I’m not a materialistic guy. Over the years I have evolved from buying cheap gear many times to buying sturdy, qualitative gear once and taking good care of it – much of the gear I’m using, I have been using for several years already. 2018 was a year of hiking the Laugavegur trail, my canceled attempt to hike the GR20 and many many hours of gear testing and tweaking of my favorite pieces of gear (also, see my different packing lists for my hikes).

So here are my favorite pieces of gear for hiking in 2019 (in no particular order):

  1. Sea-to-summit e-vent compression bags (my review). I dedicated a whole separate post on these works of genius. Compression bags do not only keep your clothing, sleeping bag and tent dry but also compress its size to a minimum. Two hyper-super essential qualities for multi-day hikes in one.
Sea to Summit eVent Compression Bag
Sea to Summit eVent Compression Bag
  • Garmin InReach Mini (my review). As pretty much all my hikes are solo hikes nowadays and I want to make sure I’m safe when something happens, I bought a personal locator beacon (PLB) a while ago to alert authorities when something bad would happen. I still carry my PLB, but the only thing I hated was I couldn’t communicate with it. That is why I bought a Garmin InReach Mini this year, which not only allows me to send a SOS signal, but also to send simple messages to friends and family even when I do not have any cellphone reception.
  • Garmin InReach Mini
    Garmin InReach Mini
  • Black Diamond Alpine Carbon Cork trekking poles. For many years, I thought trekking poles were for older men and women doing Nordic Walking (how was I wrong). But during my solo hike of the Kumano Kodo in 2016, when a host of a local ryokan handed me a bamboo hiking pole and assured me it would make hiking easier (and I indeed experienced that),  I truly started to appreciate hiking with trekking poles. After hiking the Amalfi coast (when my kid brother Sem first laughed at me but later made a make-shift trekking pole out of a branch) with its many climbs, I was sold. Since then, I have been testing different poles and pole-setups (I only took one pole when hiking the Laugavegur trail), before settling on the Black Diamond Alpine Carbon Cork.
  • Icebreaker Softshell Ice Jacket. I can not remember I ever owned a jacket I loved so much as the Icebreaker Softshell Ice. Warm, but not too warm, stops wind, water resistant and perfect for everything between early spring and early-mid autumn. I was so happy with my first buy (and got so many compliments from random people that it looked good on me) that I actually own 5 (!) now (3 blue ones, 2 grey/green ones) – guess, that’s what guys do when they finally found the perfect jacket.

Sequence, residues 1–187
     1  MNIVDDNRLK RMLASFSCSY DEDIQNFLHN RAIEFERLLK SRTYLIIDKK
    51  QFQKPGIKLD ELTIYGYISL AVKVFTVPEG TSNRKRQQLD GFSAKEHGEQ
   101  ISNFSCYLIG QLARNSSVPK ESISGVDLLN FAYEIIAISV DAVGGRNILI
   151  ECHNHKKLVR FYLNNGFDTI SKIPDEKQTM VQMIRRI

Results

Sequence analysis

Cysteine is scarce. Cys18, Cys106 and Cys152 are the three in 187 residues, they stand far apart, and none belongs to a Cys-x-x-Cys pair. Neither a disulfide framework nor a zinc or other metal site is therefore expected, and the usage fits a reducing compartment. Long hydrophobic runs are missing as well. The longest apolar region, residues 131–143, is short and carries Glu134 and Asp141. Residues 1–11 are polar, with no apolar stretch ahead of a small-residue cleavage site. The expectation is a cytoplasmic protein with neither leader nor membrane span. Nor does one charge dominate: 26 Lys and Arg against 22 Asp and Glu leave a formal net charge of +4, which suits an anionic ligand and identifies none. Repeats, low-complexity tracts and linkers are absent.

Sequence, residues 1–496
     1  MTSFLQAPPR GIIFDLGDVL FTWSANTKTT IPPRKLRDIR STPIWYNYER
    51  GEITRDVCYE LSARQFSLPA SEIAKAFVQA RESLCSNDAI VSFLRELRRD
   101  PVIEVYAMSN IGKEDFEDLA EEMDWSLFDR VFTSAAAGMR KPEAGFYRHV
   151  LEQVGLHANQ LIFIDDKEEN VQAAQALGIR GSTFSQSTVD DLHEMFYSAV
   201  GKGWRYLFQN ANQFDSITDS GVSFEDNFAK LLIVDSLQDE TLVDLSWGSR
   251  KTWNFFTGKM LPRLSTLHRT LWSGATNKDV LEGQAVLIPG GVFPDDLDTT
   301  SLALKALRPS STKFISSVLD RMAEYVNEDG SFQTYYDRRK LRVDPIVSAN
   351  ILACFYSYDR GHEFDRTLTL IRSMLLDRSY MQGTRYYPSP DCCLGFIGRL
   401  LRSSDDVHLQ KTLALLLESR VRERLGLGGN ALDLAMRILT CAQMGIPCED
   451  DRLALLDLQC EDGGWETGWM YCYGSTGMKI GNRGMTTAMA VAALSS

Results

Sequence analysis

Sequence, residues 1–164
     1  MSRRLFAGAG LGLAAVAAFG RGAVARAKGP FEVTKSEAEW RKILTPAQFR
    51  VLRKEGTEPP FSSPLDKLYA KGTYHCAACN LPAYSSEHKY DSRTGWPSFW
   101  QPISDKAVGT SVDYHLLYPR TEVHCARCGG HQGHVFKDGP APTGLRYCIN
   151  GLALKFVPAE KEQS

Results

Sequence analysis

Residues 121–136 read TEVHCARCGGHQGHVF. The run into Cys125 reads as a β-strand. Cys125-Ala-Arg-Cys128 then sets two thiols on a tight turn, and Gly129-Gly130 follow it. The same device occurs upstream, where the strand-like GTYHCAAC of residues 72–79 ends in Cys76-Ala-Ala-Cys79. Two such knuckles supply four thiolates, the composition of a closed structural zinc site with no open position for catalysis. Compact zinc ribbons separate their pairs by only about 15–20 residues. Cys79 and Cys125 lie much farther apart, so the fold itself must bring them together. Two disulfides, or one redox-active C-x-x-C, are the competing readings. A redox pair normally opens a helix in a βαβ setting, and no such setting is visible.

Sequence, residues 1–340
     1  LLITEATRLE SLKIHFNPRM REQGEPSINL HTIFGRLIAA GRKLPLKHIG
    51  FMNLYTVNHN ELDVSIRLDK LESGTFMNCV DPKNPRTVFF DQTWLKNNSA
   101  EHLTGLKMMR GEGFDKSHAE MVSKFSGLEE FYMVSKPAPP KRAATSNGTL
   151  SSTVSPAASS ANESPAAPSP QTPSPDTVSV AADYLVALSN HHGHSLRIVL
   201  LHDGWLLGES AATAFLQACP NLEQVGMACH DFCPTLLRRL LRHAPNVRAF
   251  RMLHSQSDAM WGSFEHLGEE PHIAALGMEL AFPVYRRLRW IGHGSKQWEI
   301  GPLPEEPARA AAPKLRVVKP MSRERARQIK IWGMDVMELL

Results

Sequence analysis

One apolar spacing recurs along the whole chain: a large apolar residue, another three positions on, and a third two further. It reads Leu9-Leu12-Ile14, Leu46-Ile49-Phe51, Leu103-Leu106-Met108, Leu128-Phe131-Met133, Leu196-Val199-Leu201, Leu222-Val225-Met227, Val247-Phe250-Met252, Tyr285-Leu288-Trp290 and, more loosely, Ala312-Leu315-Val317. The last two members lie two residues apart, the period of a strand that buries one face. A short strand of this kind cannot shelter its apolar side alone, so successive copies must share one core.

• Icebreaker Softshell Ice
    Icebreaker Softshell Ice
  • Sleeping pad Thermarest Xtherm. After a long hike, I usually feel I could sleep anywhere, but that is the moment I appreciate a good sleeping pad even more. The Xtherm is not only super comfortable but also really light, sturdy and has great isolation – something, I only realized after most of the people on the Laugavegur trail were complaining about the cold during the nights, something I had not experienced (because of the great isolating qualities of the Thermarest Xtherm).
  • I switched backpacks in 2018, to the Gregory Baltoro 65 (M). Again, not the newest model, but proven super reliable and durable. What I love most is the hidden extra pocket for a bottle on your side, the zipper that fully opens the main compartment of the backpack and the many loops that make it super easy to connect gear to it.
  • The MSR Pocket Rocket has a name that usually sparks some giggles, but it is above all a super simple and efficient way to create a cooking installation (in combination with a gas canister). It boils water super fast and folds in a super small (pocket) size thingy you can easily stow away.
  • The Garmin 64s looks like a brick, feels like a brick and almost sounds like a brick if you drop it, but it is probably the most reliable GPS map available on the market. Whatever the weather or circumstances, the Garmin 64s will lead you the right way. In contrast to newer models that try (and often fail) to add more advanced touchscreen functionality, the 64s sometimes feels like a step back in time with its button controlled interface. But hey, if it’s super reliable, why nag about it.
  • What are your 2019 favorites?

    Leave a Reply

    Your email address will not be published. Required fields are marked *

    You May Also Like